Practice 10-Minute Consultation

Aphthous ulcers

BMJ 2009; 339 doi: https://doi.org/10.1136/bmj.b2382 (Published 24 July 2009) Cite this as: BMJ 2009;339:b2382
  1. Erik W M A Bischoff, general practitioner ,
  2. Annemarie Uijen, general practitioner ,
  3. Mark van der Wel, general practitioner
  1. 1Department of Primary and Community Care, Radboud University Nijmegen Medical Centre, Nijmegen, Netherlands
  1. Correspondence to: E Bischoff e.bischoff{at}elg.umcn.nl
  • Accepted 21 May 2008

A 25 year old man presents with oral ulcerations that cause him great discomfort. He explains that these ulcers recurred several times last year, but that the current presentation is far more painful. He asks for your advice on treatment and prevention of these burning sores.

What issues you should cover

Aphthous ulcers (aphthae or canker sores) are painful solitary or multiple erosions of the oral mucous membrane. Aphthous ulcer is the most common condition of the oral mucosa in developed countries, affecting around 20% of the general population, mostly young adults. Diagnosis is based on history and examination (see box).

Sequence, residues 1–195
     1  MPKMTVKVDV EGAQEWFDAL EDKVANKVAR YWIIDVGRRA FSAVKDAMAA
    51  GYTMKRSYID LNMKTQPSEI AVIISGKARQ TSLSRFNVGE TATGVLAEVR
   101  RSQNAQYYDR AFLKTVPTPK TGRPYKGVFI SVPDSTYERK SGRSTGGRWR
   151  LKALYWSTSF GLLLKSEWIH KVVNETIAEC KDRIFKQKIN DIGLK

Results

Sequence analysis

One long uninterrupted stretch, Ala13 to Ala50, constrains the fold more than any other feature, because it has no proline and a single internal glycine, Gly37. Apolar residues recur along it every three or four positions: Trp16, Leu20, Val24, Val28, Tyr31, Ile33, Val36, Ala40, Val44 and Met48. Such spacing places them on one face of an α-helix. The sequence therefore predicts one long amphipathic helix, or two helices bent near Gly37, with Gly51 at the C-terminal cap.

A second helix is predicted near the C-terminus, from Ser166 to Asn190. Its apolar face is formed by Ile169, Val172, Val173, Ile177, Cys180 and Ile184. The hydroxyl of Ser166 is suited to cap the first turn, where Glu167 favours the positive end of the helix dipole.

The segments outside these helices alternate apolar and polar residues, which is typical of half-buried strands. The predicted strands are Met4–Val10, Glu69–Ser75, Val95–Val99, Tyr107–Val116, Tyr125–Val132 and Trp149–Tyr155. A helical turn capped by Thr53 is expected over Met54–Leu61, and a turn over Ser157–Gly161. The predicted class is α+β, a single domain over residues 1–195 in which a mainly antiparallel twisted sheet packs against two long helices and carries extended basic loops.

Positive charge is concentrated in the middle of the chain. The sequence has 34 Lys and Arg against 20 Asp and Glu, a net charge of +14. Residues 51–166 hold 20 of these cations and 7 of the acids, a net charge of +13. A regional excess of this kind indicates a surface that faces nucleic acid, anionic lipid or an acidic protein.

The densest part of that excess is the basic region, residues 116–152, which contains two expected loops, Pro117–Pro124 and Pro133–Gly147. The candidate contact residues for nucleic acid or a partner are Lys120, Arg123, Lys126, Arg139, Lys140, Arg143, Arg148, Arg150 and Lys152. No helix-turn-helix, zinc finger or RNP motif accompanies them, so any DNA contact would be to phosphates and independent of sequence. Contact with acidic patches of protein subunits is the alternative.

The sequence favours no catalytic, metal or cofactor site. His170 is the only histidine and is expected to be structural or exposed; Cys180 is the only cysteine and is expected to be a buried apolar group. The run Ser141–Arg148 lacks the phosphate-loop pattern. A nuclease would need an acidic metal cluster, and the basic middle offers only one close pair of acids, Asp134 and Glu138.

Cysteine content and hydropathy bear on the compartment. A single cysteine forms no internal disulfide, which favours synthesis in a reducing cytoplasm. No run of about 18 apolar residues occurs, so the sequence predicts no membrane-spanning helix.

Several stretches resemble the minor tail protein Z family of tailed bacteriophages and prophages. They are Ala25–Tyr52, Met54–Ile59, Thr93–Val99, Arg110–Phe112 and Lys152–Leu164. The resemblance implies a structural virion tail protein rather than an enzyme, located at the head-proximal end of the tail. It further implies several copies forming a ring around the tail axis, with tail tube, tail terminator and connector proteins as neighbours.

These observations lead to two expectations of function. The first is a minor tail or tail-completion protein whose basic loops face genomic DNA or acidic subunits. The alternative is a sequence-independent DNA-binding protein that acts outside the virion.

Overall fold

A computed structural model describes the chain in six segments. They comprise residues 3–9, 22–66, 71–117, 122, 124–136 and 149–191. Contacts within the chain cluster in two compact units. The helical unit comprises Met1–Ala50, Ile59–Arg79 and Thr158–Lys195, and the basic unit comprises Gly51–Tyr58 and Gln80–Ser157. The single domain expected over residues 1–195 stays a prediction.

Fig 1 Minor aphthous ulcer of the tongue

Differentiation of aphthous ulcers from other oral diseases

  • In acute necrotising ulcerative gingivitis (mixed bacterial infection), ulcerations are seen in combination with strong halitosis and gingivitis. Antibiotics are indicated

  • Infection with HIV causes large lesions that heal very slowly

  • Squamous cell carcinoma presents with a solitary persistent ulcer that lasts for more than two weeks. Biopsy of such a non-healing ulcer is definitely indicated to rule out intraoral neoplasia

  • Herpes stomatitis (herpes simplex virus) causes abundant small vesicles and ulcers, with fever and cervical lymphadenopathy, particularly in infants. The lesions last about 10 days

  • Herpangina (coxsackie virus infection) causes general malaise, …

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